A Lion Among Men
Gregory Maguire brings the characters of "Wicked" into a sequel.
It’s back to Oz with a dark edge for Gregory Maguire in A Lion Among Men, his third and latest installment of “The Wicked Years.”
Eight years have passed and though the influence of both Dorothy and Elphaba (the Wicked Witch of the West) remains palpable, these two characters appear only in flashbacks.
And with these powerful women out of the picture, Oz is at odds: Elphaba’s brother has claimed a divine right to the throne, imposing punitive laws and an expansionist mind-set. Indeed, his regime has ushered in an unkind era for many in the kingdom, where war between Emerald City forces and secessionist Munchkinlanders is imminent, close enough to “smell it in the air like laundry soap.”
Time hasn’t been kind to Dorothy’s familiar trio from the Yellow Brick Road either.
The scarecrow is literally a “straw man” in his government position. Tin Man Nick Chopper is engaging in shady deals while organizing “tiktock workers.” And Brrrr, the cowardly lion, has been released from jail on one condition: that he locate an ancient oracle who knows the whereabouts of the Grimmerie, a book of spells that power-hungry leaders must find in order to gain complete control of the territory.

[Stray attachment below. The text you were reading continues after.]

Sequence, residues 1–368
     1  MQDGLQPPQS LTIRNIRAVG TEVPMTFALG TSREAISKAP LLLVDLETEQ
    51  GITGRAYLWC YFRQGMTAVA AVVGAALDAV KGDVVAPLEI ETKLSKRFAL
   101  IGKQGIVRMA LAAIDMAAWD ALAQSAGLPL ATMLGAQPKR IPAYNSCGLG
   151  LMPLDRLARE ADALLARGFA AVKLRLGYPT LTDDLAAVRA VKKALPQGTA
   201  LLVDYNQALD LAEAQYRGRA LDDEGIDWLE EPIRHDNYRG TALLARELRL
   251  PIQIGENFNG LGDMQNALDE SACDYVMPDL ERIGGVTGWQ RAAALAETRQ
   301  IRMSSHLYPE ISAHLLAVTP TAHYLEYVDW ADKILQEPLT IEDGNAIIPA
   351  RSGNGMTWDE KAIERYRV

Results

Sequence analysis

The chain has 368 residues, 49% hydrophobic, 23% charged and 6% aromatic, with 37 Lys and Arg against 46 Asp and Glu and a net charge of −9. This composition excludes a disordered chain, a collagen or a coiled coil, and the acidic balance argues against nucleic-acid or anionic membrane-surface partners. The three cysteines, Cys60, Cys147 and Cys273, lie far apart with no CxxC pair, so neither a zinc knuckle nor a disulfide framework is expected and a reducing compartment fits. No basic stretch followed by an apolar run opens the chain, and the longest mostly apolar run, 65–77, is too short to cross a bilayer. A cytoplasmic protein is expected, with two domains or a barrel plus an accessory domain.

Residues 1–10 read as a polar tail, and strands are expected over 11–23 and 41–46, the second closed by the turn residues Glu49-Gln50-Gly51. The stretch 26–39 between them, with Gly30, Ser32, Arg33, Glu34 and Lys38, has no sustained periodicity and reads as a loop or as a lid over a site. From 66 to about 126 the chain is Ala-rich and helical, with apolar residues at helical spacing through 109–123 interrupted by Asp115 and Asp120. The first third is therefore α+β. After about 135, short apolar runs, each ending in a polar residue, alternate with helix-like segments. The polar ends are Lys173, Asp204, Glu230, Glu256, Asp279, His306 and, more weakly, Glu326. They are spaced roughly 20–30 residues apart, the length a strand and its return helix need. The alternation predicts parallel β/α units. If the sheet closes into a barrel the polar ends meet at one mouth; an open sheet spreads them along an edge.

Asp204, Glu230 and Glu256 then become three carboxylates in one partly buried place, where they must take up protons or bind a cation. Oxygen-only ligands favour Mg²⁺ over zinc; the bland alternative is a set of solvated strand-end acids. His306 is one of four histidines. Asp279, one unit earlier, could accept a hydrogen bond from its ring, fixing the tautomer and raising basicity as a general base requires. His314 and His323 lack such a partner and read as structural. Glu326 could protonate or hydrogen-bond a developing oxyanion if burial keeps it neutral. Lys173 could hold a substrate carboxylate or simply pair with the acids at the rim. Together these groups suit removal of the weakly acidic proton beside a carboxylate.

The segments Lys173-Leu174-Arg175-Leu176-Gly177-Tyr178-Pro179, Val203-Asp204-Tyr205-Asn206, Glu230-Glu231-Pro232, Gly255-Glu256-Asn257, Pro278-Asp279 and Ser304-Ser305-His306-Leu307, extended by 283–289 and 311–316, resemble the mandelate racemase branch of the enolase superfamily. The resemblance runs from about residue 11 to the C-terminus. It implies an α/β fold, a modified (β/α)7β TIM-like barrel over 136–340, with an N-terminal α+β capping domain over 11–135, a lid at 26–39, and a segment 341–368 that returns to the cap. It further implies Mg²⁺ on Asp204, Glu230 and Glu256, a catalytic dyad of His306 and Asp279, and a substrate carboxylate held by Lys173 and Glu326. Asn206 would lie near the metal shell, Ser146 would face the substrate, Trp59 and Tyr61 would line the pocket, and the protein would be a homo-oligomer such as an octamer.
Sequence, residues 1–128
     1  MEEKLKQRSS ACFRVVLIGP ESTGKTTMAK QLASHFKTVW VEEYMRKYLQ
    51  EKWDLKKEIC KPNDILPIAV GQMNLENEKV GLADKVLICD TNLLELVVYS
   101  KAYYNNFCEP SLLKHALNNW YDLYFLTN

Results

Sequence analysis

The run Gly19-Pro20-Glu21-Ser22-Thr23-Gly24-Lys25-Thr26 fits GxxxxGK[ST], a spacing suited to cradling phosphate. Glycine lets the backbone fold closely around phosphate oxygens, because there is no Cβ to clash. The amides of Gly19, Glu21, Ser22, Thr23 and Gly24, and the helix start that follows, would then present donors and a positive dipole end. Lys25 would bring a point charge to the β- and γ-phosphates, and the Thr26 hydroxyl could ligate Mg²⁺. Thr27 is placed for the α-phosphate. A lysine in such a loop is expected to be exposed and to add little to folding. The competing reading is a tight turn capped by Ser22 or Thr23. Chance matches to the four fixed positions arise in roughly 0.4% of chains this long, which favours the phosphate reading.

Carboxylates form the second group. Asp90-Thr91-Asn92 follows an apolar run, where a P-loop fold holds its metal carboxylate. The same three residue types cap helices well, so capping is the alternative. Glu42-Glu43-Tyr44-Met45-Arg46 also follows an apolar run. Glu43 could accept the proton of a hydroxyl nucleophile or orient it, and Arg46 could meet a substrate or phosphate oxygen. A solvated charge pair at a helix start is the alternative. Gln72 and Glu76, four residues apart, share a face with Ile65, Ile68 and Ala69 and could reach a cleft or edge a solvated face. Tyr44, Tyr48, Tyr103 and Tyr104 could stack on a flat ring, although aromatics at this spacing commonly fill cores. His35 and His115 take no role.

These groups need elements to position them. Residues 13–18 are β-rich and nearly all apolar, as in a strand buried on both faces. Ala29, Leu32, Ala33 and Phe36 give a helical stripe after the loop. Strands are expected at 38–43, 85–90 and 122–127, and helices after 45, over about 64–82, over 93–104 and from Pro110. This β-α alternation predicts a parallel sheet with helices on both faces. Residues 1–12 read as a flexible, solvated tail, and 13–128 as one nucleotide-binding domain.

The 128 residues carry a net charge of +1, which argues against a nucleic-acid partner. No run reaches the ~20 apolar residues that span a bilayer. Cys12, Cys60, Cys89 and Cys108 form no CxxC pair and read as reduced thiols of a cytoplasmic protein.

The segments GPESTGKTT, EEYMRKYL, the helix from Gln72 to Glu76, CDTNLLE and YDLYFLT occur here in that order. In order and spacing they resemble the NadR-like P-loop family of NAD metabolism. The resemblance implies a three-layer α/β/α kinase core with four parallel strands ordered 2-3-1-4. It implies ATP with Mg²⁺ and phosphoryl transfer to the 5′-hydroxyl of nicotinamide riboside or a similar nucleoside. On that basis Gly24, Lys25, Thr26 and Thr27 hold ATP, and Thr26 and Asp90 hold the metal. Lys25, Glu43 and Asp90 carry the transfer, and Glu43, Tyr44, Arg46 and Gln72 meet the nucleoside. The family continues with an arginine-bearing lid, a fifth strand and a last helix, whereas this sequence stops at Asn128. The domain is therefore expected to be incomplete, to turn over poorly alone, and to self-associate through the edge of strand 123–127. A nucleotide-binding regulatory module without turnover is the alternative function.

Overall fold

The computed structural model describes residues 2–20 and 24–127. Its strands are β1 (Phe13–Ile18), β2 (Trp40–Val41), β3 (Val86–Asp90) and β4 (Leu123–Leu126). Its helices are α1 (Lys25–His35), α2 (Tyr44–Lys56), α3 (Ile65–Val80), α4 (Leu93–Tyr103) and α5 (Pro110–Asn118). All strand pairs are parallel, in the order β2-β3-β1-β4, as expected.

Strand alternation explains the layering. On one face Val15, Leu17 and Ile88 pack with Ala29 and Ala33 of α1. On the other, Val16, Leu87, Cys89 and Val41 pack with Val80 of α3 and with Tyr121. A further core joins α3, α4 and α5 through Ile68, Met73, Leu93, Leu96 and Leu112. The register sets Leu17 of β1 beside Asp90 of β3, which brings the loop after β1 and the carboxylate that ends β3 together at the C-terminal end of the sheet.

It’s an ambitious project for Brrrr and Maguire alike.
To Maguire’s credit, “A Lion Among Men” maintains the swashbuckling pace of the previous volumes. Dialogue and plot move with such speed that there is little time to ponder Maguire’s crass but clever adults-only allusions.
Yet the story is far more than a bawdy romp.
Brrrr’s hunt for the Grimmerie takes him across Oz, but it’s his existential search for self that forces him to take much bigger steps. The subplot is so well-crafted that readers of all ages could enjoy witnessing Brrrr’s transformation from an insecure kitten in the woods to a compassionate, engaged “manimal.”